The paper explains that the encyclopaedia-like electronic book program aggregates classical works and anecdotes about the two Kims, as well as material related to current leader Kim Jong-un.
The program works on different devices and operating systems - including Windows and North Korea's Linux-based Red Star - and the plan is to distribute it nationwide.
And it won't stop there. Developers are already working on the next version - Chongseo 2.0, adding various functions, including voice reading.
Rodong Sinmun has been issuing articles with ideological themes recently, in the run up to the anniversary of Kim Il-sung's death. "People must try harder to learn the teachings of the founder Kim," the paper said in an editorial on 8 July - the day of the anniversary.
But this focus on doctrine seems to be part of a wider effort by the government to counter foreign influences that increasingly penetrate the isolated country through the proliferation of technology.
The digitisation has seen a steady trickle of foreign news and entertainment entering North Korea on portable devices like USB memory sticks - something that presents a challenge for the authorities.
North Korea's approach has been to embrace technology while making sure that it serves its purpose - to portray the state-sanctioned version of reality to the people.
It is estimated that around six million mobile phones are being used in North Korea, which has a population of 25 million.
The country has been producing its own smartphones, albeit apparently using Chinese components. Pyongyang 2425 - the latest version launched in April, is said to feature Wi-Fi, wireless charging, and face-recognition unlocking technology.
North Koreans have also been allowed access to a local intranet, but under the watchful eye of the authorities.
Tokyo, Jul 11 (AP/UNB) — Japan's space agency said data transmitted from the Hayabusa2 spacecraft indicated it successfully landed on a distant asteroid Thursday and completed its historic mission of collecting underground samples that scientists hope will provide clues to the origin of the solar system.
Hayabusa2 had created itself a landing crater in April by dropping a copper impactor. Thursday's mission was to land inside that crater and collect underground samples that scientists believe contain more valuable data.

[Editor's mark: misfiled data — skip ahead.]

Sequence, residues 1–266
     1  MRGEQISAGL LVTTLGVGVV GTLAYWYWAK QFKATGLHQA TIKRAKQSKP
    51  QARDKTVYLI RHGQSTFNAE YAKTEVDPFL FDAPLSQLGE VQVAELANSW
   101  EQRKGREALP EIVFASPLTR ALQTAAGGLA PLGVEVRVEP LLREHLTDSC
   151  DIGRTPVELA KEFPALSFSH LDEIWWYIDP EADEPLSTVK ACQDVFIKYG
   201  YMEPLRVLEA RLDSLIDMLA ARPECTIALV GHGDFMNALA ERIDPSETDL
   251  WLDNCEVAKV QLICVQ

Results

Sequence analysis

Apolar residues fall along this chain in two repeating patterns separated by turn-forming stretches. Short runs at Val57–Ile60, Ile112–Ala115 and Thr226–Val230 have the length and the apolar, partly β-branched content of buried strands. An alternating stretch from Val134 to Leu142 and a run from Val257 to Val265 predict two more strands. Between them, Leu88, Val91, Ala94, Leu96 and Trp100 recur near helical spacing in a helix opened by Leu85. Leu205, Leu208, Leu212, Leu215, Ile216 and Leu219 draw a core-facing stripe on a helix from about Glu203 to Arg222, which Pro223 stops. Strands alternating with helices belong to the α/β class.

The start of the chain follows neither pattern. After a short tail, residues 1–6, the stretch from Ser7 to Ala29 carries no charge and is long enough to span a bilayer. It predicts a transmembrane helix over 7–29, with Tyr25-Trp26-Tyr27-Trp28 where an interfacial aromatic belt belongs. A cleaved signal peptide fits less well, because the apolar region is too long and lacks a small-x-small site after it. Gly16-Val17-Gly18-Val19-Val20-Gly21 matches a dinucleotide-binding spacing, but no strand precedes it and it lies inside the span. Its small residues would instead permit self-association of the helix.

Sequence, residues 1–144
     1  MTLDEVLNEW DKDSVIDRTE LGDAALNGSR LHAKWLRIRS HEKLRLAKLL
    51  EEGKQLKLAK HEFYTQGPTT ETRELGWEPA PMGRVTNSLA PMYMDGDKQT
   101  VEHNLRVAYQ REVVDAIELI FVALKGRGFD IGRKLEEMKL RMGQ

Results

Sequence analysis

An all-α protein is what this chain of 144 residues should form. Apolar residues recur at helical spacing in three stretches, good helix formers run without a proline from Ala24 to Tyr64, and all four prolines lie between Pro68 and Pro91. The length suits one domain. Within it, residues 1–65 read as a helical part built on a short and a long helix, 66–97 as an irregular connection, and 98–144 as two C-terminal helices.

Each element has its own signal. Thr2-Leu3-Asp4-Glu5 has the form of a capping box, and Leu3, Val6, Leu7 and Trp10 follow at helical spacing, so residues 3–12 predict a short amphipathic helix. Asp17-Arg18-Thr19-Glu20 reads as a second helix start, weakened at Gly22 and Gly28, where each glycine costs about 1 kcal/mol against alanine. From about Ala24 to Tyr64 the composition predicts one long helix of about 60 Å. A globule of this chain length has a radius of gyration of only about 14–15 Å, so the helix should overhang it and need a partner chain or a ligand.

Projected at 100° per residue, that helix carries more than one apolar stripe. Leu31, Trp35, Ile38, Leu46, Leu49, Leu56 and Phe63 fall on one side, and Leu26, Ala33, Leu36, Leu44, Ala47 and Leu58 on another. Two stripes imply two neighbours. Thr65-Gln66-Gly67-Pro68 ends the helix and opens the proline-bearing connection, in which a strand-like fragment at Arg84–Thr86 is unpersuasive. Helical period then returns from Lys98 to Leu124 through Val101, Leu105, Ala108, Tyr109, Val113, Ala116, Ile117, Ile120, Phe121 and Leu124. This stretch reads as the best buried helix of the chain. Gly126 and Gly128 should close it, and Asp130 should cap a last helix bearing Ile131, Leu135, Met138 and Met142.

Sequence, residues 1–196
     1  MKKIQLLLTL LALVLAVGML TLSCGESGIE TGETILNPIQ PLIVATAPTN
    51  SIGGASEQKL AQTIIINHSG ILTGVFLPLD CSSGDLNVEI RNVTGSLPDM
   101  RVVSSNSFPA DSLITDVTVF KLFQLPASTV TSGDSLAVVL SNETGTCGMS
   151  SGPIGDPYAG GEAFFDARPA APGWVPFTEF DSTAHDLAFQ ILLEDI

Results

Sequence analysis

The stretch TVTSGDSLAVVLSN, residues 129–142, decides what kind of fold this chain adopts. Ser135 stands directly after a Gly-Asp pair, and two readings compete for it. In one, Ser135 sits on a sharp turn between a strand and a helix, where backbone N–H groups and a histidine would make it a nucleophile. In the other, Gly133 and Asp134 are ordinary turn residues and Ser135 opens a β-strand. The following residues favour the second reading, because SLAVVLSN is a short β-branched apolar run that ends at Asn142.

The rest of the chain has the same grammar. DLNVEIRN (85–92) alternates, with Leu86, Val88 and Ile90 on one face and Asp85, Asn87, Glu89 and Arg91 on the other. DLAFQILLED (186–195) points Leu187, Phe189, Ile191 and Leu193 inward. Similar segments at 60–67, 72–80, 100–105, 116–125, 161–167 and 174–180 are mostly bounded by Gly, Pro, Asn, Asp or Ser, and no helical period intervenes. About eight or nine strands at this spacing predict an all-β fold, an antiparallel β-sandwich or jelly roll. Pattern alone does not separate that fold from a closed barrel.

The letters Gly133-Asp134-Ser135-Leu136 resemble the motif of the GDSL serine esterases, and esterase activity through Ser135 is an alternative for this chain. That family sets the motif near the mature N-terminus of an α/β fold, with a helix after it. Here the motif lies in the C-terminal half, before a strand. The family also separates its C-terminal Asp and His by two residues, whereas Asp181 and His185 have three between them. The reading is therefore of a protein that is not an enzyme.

Hayabusa2 is the first to successfully collect underground soil samples from an asteroid and comes ahead of a similar mission planned by the U.S. National Aeronautics and Space Administration team at another asteroid.
The Japan Aerospace Exploration Agency, or JAXA, said it has confirmed data showing Hayabusa2 touched down and rose safely after collecting the samples as planned.
Takashi Kubota, a Hayabusa2 project member at JAXA, was beaming when he showed up at an unexpectedly early news conference to announce the result. The moment the success was announced in the command center, everyone stood up, cheered and applauded, some of them making victory signs.
"It was a success, a big success," Kubota said. "We achieved success in all scheduled procedures."
The spacecraft had started its gradual descent from its home location Wednesday. In the final landing phase Thursday, Hayabusa2 hovered at the height of 30 meters (100 feet) above the asteroid and quickly found its landing marker left from the earlier mission.
Actual landing was just few seconds. During the touchdown, Hayabusa2 would extend its sampling tube to the ground, shoot a pinball-size bullet to crack the surface and suck up the debris that got blasted off. Landing was a challenge for Hayabusa2 because of a risk of getting hit by dust and debris that remain at the crater, Kubota said.
"Everything went perfectly, even better than perfect, as if Hayabusa were reading our minds," he said.
He said JAXA plans to send the spacecraft, which was on its way back to the home position above the asteroid, to examine the landing site from above.
The asteroid, named Ryugu after an undersea dragon palace in a Japanese folktale, is about 300 million kilometers (180 million miles) from Earth. Hayabusa2 is expected to leave the asteroid to return to Earth at the end of next year, with the samples for scientific study.